Fig. 2: A) Representative MR image (left), PET image (middle) and merged overlay (right) of one slice in the short axis orientation of TG mouse heart used for the determination of VOIs.; B) standardized uptake value ratio (SUVR) of myocard over blood under baseline (veh – vehicle) and blocking conditions (toz- tozadenant) in wildtype (WT) and myocard specific hA2AR overexpressing mice (TG); n=3-5, *p≤0.05 WT vs. TG and #p≤0.05 veh vs. toz.

Keywords: [18F]FLUDA; adenosine; A2AR; heart

  • Lecture (Conference) (Online presentation)
    15th European Molecular Imaging Meeting, 24.-27.03.2020, Thessaloniki, Griechenland

Permalink: https://www.hzdr.de/publications/Publ-30041
Publ.-Id: 30041


Non-invasive assessment of the A2A adenosine receptor expression in the murine heart with [18F]FLUDA by positron-emission tomography (PET)

Gündel, D.; Lai, T. H.; Dukic-Stefanovic, S.; Toussaint, M.; Deuther-Conrad, W.; Teodoro, R.; Boknik, P.; Gergs, U.; Neumann, J.; Brust, P.

Question
We have shown that A2A adenosine receptors (A2A-AR) are functionally active in human hearts. Moreover, we generated a transgenic mouse model with heart specific overexpression of the human A2A-AR (TG), which responded to agonists with a positive inotropic effect in vitro. Overexpressed A2A-AR were cardioprotective but also proarrhythmic in TG (Boknik et al. Front Pharmacol 2018, 2019). Here, we focused on the question if a cardiac A2A-AR expression could be assessed in vivo utilizing PET imaging in this model.

Methods
The impact of FLUDA (7-(3-(4-(2-(fluoro)ethoxy-1,1,2,2-d4)phenyl)propyl)-2-(furan-2-yl)-7H-pyrazolo[4,3-e][1,2,4]triazolo[1,5-c]pyrimidin-5-amine; patent: DE 10 2019 116 986.0) on the force of contraction (FOC) in isolated electrically driven (1 Hz) atrial preparation after stimulation with the A2A–AR-agonist CGS 2180 (10 µM, in the presence of the A1A-AR antagonist DPCPX 1 µM) was measured. On cryosections of mouse hearts the KD and Bmax values of [18F]FLUDA were determined by autoradiography. A small animal PET/MRI scanner (nanoscan, Mediso) was used for in vivo imaging of mice under isoflurane anaesthesia. [18F]FLUDA (7.4±3.4 MBq) was applied via the tail vein 20 s after starting the 90-minute PET measurement. A2A-AR specificity of [18F]FLUDA was determined by application of 2.5 mg/kg body weight Tozadenant 10 minutes prior to tracer administration.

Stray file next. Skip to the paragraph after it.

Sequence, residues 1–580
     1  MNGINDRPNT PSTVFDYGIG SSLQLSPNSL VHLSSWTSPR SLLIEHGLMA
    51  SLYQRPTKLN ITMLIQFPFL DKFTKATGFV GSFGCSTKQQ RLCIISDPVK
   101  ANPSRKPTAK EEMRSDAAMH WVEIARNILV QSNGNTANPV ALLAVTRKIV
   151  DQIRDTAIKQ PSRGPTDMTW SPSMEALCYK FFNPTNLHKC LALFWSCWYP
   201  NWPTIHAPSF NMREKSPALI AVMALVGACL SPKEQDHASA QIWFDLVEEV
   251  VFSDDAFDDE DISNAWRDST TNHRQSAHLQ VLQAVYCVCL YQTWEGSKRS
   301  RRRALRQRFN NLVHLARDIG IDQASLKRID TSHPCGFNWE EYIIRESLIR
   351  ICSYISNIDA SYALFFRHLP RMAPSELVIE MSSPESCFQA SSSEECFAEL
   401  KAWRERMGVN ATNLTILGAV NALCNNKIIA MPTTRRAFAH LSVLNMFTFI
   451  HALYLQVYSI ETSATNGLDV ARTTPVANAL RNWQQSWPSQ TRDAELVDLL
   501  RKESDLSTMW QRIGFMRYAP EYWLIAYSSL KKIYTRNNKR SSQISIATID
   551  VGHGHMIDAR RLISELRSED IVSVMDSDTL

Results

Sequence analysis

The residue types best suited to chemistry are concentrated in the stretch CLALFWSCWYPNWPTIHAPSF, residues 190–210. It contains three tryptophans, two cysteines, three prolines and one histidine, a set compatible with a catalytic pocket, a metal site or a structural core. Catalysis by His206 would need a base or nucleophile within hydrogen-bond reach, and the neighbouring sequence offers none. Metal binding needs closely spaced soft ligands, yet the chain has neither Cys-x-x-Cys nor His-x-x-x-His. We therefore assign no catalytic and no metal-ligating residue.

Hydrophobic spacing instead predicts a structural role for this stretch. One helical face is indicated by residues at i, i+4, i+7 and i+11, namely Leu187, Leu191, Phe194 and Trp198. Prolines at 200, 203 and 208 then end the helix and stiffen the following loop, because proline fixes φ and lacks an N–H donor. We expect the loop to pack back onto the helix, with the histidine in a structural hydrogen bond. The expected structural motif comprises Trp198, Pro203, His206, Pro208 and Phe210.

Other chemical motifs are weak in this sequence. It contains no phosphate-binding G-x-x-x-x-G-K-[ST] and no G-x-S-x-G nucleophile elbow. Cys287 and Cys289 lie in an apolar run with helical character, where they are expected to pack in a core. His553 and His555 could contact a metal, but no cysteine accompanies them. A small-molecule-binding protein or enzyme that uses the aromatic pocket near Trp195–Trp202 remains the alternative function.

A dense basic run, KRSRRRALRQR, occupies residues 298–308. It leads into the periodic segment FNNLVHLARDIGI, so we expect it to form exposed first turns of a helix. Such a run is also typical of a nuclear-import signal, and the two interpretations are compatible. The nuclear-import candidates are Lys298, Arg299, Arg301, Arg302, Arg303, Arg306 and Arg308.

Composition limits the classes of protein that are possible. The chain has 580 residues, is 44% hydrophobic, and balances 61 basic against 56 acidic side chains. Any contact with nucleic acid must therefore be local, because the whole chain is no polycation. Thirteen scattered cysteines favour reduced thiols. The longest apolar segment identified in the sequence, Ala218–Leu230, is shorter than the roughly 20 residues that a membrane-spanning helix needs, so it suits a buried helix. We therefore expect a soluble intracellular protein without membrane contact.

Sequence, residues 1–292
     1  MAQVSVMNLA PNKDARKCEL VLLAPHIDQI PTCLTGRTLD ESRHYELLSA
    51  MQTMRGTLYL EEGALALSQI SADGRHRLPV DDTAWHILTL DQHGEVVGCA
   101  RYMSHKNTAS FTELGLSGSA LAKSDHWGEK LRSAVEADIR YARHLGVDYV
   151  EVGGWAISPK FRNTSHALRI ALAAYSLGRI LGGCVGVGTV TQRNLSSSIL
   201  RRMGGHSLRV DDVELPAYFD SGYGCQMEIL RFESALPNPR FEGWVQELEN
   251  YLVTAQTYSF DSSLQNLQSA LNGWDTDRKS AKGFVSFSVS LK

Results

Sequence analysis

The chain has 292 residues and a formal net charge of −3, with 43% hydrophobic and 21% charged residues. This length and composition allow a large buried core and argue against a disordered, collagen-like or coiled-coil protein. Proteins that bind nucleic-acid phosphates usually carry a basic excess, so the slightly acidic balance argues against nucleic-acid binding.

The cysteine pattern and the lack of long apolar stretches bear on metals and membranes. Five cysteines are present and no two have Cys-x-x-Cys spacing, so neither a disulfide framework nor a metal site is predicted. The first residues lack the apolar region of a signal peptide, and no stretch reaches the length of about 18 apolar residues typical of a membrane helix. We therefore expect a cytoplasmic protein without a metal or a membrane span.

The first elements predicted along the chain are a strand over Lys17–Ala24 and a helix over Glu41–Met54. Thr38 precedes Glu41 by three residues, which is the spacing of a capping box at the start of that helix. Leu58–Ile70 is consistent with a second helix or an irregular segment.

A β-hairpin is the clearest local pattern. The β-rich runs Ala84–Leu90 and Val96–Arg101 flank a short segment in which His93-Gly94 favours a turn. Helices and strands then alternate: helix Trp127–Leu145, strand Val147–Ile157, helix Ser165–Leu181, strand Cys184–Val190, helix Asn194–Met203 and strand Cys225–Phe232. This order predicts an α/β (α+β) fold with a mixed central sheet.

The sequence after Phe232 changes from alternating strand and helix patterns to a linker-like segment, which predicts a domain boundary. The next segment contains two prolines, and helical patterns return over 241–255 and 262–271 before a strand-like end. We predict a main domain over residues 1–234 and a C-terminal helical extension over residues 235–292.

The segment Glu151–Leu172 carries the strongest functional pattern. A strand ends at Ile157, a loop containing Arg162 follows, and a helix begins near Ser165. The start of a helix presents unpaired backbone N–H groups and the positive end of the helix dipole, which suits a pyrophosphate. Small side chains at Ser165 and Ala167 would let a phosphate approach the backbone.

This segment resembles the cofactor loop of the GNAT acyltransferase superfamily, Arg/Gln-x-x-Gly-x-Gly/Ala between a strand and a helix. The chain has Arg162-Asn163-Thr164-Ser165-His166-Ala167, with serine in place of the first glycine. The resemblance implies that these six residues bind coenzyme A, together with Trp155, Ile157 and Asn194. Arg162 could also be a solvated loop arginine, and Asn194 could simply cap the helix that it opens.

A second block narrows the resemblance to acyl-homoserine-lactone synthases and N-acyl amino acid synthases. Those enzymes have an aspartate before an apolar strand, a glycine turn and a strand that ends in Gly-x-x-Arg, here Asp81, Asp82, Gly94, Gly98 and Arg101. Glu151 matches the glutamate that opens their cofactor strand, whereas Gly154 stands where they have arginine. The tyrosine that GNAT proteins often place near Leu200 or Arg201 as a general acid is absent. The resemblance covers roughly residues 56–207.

Results
FLUDA was able to reduce (p<0.05) the increase of FOC after CGS 2180 stimulation by about 20 % (p<0.05) in isolated electrically driven atrial preparation in TG (but not WT), indicating a functional antagonism of FLUDA at the human cardiac A2A-AR. By in vitro autoradiography of [18F]FLUDA a KD (5.9±1.6 nM) and Bmax (455±78 fmol/mg protein) could be determined in the A2A-AR-TG hearts, whereas in the control hearts the receptor density was below the detection limit. Using PET/MR, an SUV ratio (SUVR) myocardial/cardiac ventricle of ≥1,0 was determined for the A2A-AR-TG animals at 15-30 min p.i.. Tozadenant reduced SUVR by 6 % (p<0.05).

Conclusion
These data suggest that A2A-AR can be in principle quantified in vivo in the heart.

Keywords: A2A-AR; [18F]FLUDA; adenosine; heart

  • Poster
    5th German Pharm-Tox Summit, 02.-05.03.2020, Leipzig, Deutschland

Permalink: https://www.hzdr.de/publications/Publ-30040
Publ.-Id: 30040


[18F]FLUDA ist geeignet eine kardiale Überexpression des Adenosin-A2A-Rezeptors (A2AR) in der Maus nachzuweisen

Gündel, D.; Lai, T. H.; Dukic-Stefanovic, S.; Toussaint, M.; Deuther-Conrad, W.; Teodoro, R.; Boknik, P.; Gergs, U.; Neumann, J.; Brust, P.

A2AR-Liganden sind bei ischämischen Reperfusionsschäden kardioprotektiv wirksam (1). Somit ist eine Diagnose der kardialen A2AR-Verfügbarkeit für die Behandlung von Patienten mit koronaren Erkrankungen bedeutsam. Unser Ziel war es, anhand eines transgenen Mausmodells mit einer kardialen Überexpression des humanen A2AR das Potential von [18F]FLUDA als potentielles Radiopharmakon für die Darstellung des A2AR zu evaluieren.
Es wurden 4-6 Monate alte FVB/N Mäuse mit einer Kardiomyozyten-spezifischen Überexpression des humanen A2AR (A2AR TG) bzw. Kontrolltiere untersucht. Die Bestimmung der KD- und Bmax-Werte von [18F]FLUDA erfolgte autoradiographisch an Kryoschnitten von Herzexplantaten. Die In-vivo-Untersuchungen fanden unter Isoflurannarkose in einem Kleintier-PET/MRT-Scanner (nanoscan, Mediso) statt. [18F]FLUDA (7,4±3,4 MBq) wurde i.v. über die Schwanzvene 20 s nach Start der 90-minütigen PET-Messung appliziert. Die A2AR-Spezifität von [18F]FLUDA wurde durch Applikation von 2,5 mg/kg Tozadenant 10 min vor der Tracer Gabe bestimmt. Für die anatomische Korrelation und Schwächungskorrektur der PET-Aufnahmen erfolgte eine T1-gewichtete MRT. Die dynamische Rekonstruktion der Listenmodus-Daten erfolgte durch einen 3D-OSEM-Algorithmus. Die Quantifizierung der aufgenommenen Aktivität erfolgte mit PMOD.